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Original author: Benoit Grégoire, last modified:

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What is RADIUS and current support in wifidog

 RADIUS (Remote Authentication Dial In User Service) is the industry standard for sharing user network access control information. As WiFiDog was not originally designed to manually manage users. Users were meant to self-subscribe, to be computer validated and for a computer to enforce abuse-control policies. Most organizations that the core developers belong to still don't have a need for it.

However several new users of wifidog not only want to human-verify users, but also have existing userbases in RADIUS.

Luckily,  IDRC (The canadian government's International Development Research Centre) paid for Technologie Coeus inc to write a RADIUS authenticator as a proof of concept. It's based on the  PEAR Auth_RADIUS package.

  • The good news is that it supports all the features of Auth_RADIUS.
  • The bad news is that it only supports the features of Auth_RADIUS.

With these limitations, the RADIUS authenticator should probably only be used by organizations that either:

  • Already have a userbase in a RADIUS server
  • Want to manually subscribe and validate users (this is temporary, as wifidog will get a user manager before 1.0).

In other words, currently, using RADIUS to authenticate has little advantages over the internal authenticator beyond allowing you to use RADIUS.

Technically however RADIUS could be used for several purposes in Wifidog:

Allowing the auth server to authenticate against an existing RADIUS server

This is already supported, but support is limited.

  • Only authentication and accounting is supported
  • There is no bootstrap code to allow the super-administrator to be a standard radius user. So you must keep a local network with the standard authenticator (it can be made read-only) or you must set up your network with the standard authenticator, then change the authenticator to be RADIUS and then manually add the appropriate RADIUS user(s) to the admin list in the database.

The first step to more extensive RADIUS support in wifidog is to move directly to  PECL::RADIUS PHP package instead of Auth_Radius.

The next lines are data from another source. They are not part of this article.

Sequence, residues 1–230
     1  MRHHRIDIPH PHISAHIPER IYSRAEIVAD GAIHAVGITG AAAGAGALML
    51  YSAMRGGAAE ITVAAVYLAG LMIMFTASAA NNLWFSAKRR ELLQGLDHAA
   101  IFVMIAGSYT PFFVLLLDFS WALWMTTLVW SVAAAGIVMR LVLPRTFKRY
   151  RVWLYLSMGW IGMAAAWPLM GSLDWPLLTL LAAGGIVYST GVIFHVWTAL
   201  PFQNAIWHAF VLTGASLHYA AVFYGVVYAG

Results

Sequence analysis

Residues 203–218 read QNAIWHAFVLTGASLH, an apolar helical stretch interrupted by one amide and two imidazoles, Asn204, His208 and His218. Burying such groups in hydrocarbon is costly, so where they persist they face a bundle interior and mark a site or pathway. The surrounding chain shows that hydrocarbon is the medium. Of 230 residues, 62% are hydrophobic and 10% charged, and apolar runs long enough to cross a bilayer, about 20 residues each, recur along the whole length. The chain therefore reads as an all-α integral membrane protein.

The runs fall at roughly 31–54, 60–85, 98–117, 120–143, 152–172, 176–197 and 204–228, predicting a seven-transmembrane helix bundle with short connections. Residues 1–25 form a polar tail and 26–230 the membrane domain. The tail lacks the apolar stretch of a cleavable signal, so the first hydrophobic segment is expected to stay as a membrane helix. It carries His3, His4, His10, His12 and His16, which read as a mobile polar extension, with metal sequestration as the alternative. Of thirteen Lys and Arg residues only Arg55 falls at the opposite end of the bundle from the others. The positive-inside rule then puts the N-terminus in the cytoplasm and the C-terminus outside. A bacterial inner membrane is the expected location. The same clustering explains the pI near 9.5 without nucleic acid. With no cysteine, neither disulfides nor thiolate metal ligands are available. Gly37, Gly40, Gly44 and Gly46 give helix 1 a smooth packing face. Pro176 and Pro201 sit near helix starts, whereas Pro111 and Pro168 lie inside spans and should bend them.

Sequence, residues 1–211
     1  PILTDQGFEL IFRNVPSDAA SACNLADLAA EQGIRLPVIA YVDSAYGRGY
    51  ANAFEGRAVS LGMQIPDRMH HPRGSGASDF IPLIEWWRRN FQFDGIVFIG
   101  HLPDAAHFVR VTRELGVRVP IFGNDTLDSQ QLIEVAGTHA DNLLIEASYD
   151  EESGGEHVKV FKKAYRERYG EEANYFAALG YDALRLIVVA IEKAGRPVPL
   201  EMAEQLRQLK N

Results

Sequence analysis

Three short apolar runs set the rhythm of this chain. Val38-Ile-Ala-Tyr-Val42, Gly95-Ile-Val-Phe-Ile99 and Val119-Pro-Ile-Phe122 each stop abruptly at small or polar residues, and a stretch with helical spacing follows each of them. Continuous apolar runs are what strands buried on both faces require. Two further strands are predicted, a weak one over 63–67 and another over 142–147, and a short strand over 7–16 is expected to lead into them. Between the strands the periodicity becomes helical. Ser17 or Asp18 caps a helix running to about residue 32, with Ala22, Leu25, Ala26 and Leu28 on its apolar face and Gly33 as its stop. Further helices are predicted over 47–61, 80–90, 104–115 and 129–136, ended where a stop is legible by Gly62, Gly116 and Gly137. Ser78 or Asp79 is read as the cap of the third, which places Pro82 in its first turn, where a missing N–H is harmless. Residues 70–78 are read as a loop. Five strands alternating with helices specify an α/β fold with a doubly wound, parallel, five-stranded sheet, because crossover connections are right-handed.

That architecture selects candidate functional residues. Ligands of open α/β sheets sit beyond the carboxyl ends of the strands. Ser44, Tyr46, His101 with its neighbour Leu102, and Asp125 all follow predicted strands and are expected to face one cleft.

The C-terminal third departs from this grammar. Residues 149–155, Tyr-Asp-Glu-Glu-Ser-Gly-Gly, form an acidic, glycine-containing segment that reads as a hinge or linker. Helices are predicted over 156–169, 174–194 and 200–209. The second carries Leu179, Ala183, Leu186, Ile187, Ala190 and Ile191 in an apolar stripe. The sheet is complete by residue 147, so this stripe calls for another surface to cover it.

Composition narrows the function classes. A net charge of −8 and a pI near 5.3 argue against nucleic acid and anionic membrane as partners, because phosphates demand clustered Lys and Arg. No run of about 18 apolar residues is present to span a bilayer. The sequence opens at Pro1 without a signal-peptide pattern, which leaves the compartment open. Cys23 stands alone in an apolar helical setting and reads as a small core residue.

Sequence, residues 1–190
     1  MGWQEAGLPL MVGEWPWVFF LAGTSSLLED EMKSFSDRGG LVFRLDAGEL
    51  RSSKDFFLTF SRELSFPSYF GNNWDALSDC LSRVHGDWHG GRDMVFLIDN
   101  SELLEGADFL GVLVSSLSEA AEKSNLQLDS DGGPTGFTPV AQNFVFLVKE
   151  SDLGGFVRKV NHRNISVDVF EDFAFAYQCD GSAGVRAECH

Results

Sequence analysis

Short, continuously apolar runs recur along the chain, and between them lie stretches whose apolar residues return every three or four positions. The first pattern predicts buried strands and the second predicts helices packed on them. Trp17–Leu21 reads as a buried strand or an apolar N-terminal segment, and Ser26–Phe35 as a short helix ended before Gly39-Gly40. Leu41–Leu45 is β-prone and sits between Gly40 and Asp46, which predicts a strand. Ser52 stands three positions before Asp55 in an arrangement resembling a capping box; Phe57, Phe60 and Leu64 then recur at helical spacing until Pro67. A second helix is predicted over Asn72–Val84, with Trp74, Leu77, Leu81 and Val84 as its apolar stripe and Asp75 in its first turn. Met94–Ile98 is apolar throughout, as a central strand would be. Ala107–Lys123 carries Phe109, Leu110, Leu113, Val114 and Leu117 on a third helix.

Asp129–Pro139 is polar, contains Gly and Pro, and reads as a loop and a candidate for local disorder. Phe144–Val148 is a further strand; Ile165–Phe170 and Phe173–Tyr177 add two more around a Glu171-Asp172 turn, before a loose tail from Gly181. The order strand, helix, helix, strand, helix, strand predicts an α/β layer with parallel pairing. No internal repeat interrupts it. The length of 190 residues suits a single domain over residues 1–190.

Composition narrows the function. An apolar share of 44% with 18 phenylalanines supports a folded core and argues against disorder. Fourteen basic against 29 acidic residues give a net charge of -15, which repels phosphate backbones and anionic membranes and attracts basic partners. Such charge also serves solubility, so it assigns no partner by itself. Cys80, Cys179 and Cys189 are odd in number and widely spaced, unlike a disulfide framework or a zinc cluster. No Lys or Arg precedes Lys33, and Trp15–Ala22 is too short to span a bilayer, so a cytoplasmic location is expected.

Allowing the wifidog gateway to directly talk to a standard RADIUS authentication server

We are very much aware that some people want us to do this, but the short answer is that it is unlikely to ever happen. But the wifidog gateway design (and the main reason for its success and reuse) is that it's the captive portal equivalent of a dumb terminal. It was explicitly designed to get rid of all the crypto dependencies (have the server insure security) and move the login and portal UI to the server.

If you want to only display a disclaimer page with no central server, you should either

  • Use NoCatSplash (or possibly other captive portals) designed for this.
  • Help write a tiny, splash only auth server that can run directly on your gateway (probaly as a bash CGI script). This is actually very easy to do, and fits perfectly well in the wifidog design philosophy. The wifidog project would be very open in making this an official part of the project.

Using RADIUS as the gateway-auth-server protocol

It would actually make sense to do this, as RADIUS and it's various standardized extensions allow communicating most of the things we want to communicate with the gateway (and has standard ways to be extended to support what it doesn't have). Unfortunately, this will have a few very practical problems:

  • We wouldn't use RADIUS to actually authenticate the user credentials, so this will clash with most's people's common conception of what RADIUS is, possibly negating the advantages of using a standard protocol.
  • It may lead people to think (or repeatedly demand) that Wifidog gateway is compatible with any standard RADIUS server, which would be a tech support nightmare.

It _may_ happen when we work on version 2.0 of the Wifidog gateway, which will have a new protocol

Using RADIUS to allow Wifidog auth server to communicate among each other

Many wireless communities want to be able to accept users from each other. As this is almost exactly what RADIUS was designed for, and is THE industry standard, on the surface, doing anything else makes little sense. This is basically allowing the Wifidog auth server to serve as a RADIUS server. Unfortunately, this would be very difficult as the auth server is written in PHP. That means two equally unattractive options:

  • Code support for the RADIUS protocol completely in PHP all the way up from the low level PHP socket functions
  • Code support as a C PHP package, which would in practice mean people would have to compile their own PHP to use it, which doesn't seem likely.